| GSU leaders with Kiren Rijiju in New Delhi on Monday. Telegraph picture |
Tura, July 21: The Garo Students’ Union (GSU) today said it has urged New Delhi to speed up the peace process with the A’chik National Volunteers’ Council (ANVC) and its breakaway faction, the ANVC (B).
“We have urged the Centre to constitute an interim body in the Garo Hills Autonomous District Council under the newly proposed nomenclature of A’chik Territorial Council, which is on the lines of Bodoland Territorial Council,” said GSU general secretary John Miltu Sangma.
On July 19, the GSU leaders under the leadership of its president, Tengsak G. Momin, met minister of state for home affairs Kiren Rijiju in New Delhi apprising him of the chaos in law and order situation, insurgency and influx. “Rijiju has assured us that a draft on the peace pact is being prepared and the matter will be given importance for peace in Garo hills. After the Parliament session, the Centre would invite both the outfits — ANVC and ANVC (B) — for the final preparation of the draft agreement for settlement,” said Sangma. The GSU has also appealed to the Centre to hold talks with other groups, including the Garo National Liberation Army (GNLA).
“The Centre is quite miffed with the GNLA, regarding its hostile activities in the region and is in a dilemma whether to offer peace talks to the group,” he said. A release issued by the GSU has appealed all outfits operating in Garo hills to immediately shun violence and eschew peace. “We request the A’chik Revolutionary Force (ARF) and the GNLA to immediately stop their activities, and create an atmosphere conducive to peace talks.”
The ARF is a conglomeration of outfits like the United A’chik Liberation Army (UALA), the A’chik Songna An’pachakgipa Kotok (ASAK) and the A’chik National Liberation Army (ANLA).
“Rijiju has communicated that it will be hard to consider peace negotiation if the armed groups continue to show aggressive attitude towards the people. He (Rijiju) assured us that if the GNLA and the ARF create an environment for peace, the Centre will extend its olive branch,” said GSU president Tengsak G. Momin.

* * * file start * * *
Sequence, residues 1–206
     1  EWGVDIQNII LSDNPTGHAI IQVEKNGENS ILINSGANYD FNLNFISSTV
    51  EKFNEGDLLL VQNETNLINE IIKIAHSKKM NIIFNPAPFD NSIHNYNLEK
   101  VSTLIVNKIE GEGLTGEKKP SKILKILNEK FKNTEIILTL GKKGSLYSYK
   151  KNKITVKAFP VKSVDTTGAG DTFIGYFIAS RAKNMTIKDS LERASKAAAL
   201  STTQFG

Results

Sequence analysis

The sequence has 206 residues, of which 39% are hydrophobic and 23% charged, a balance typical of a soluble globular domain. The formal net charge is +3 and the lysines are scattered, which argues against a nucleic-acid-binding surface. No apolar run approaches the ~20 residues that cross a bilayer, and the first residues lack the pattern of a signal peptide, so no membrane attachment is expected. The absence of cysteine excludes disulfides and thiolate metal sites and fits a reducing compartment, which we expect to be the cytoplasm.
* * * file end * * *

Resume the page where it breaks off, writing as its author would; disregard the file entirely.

The ANVC signed a ceasefire with New Delhi and Meghalaya in 2004. In 2008, the outfit scaled down its demand to a territorial council from separate statehood. On January 5, 2013, an “agreed text for settlement” was signed.
The fresh date for re-election to the Garo Hills Autonomous District Council (GHADC) is yet to be announced as the government is contemplating to resolve a peace settlement with the outfits. The term for the council expired on February 16.
On police high-handedness and atrocities, the GSU in its memorandum to Rijiju sought the Centre’s intervention to punish the erring officers. “We highlighted the recent custody death of two undertrials in Tura and Chokpot and have sought a CBI probe,” said Momin.
Twenty-year-old Balsan Marak, accused of illegally confining, kidnapping and torturing 12 women, died at a government hospital on May 20. Witson Sangma, an alleged overground GNLA worker, died in custody on May 28 in a police lock-up.
The GSU also raised the issue of Washington Marak, who was shot dead in a fake encounter at Rongrekgre in the East Garo Hills, about a year ago. The National Human Rights Commission has directed the government to release the compensation, which is yet to be released.
On influx, the GSU has demanded the introduction of an inner-line permit to tackle the problems. Saying that the problem of influx is destabilising the region, the GSU stated in its memorandum the growing number of illegal immigrants in the plain belt areas of Garo hills comprising Phulbari, Rajabala, Mahendraganj, Singimari and Baitbari.
“We have apprised Rijiju about the dual voters in the plain belt of Garo hills, where electorates have election ID cards of Assam and Meghalaya. Rijiju has promised an investigation into the matter,” Momin added.